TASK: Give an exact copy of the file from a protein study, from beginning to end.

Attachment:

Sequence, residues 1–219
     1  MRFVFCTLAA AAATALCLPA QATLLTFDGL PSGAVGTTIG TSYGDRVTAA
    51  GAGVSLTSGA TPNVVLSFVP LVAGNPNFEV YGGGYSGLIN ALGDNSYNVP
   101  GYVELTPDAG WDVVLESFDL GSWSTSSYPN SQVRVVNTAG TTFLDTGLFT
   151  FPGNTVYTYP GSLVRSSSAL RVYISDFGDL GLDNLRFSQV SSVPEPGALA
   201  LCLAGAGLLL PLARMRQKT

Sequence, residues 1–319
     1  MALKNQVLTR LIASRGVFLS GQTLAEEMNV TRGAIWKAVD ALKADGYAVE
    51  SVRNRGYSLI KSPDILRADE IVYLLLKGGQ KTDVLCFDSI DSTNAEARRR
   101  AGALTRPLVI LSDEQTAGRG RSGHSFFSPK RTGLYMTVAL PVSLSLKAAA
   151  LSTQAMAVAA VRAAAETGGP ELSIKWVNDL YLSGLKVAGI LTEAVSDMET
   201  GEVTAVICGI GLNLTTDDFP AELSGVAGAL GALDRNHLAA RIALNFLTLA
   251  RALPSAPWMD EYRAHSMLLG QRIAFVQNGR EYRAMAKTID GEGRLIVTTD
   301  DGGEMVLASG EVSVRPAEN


Sequence, residues 1–219
     1  MRFVFCTLAA AAATALCLPA QATLLTFDGL PSGAVGTTIG TSYGDRVTAA
    51  GAGVSLTSGA TPNVVLSFVP LVAGNPNFEV YGGGYSGLIN ALGDNSYNVP
   101  GYVELTPDAG WDVVLESFDL GSWSTSSYPN SQVRVVNTAG TTFLDTGLFT
   151  FPGNTVYTYP GSLVRSSSAL RVYISDFGDL GLDNLRFSQV SSVPEPGALA
   201  LCLAGAGLLL PLARMRQKT

Sequence, residues 1–319
     1  MALKNQVLTR LIASRGVFLS GQTLAEEMNV TRGAIWKAVD ALKADGYAVE
    51  SVRNRGYSLI KSPDILRADE IVYLLLKGGQ KTDVLCFDSI DSTNAEARRR
   101  AGALTRPLVI LSDEQTAGRG RSGHSFFSPK RTGLYMTVAL PVSLSLKAAA
   151  LSTQAMAVAA VRAAAETGGP ELSIKWVNDL YLSGLKVAGI LTEAVSDMET
   201  GEVTAVICGI GLNLTTDDFP AELSGVAGAL GALDRNHLAA RIALNFLTLA
   251  RALPSAPWMD EYRAHSMLLG QRIAFVQNGR EYRAMAKTID GEGRLIVTTD
   301  DGGEMVLASG EVSVRPAEN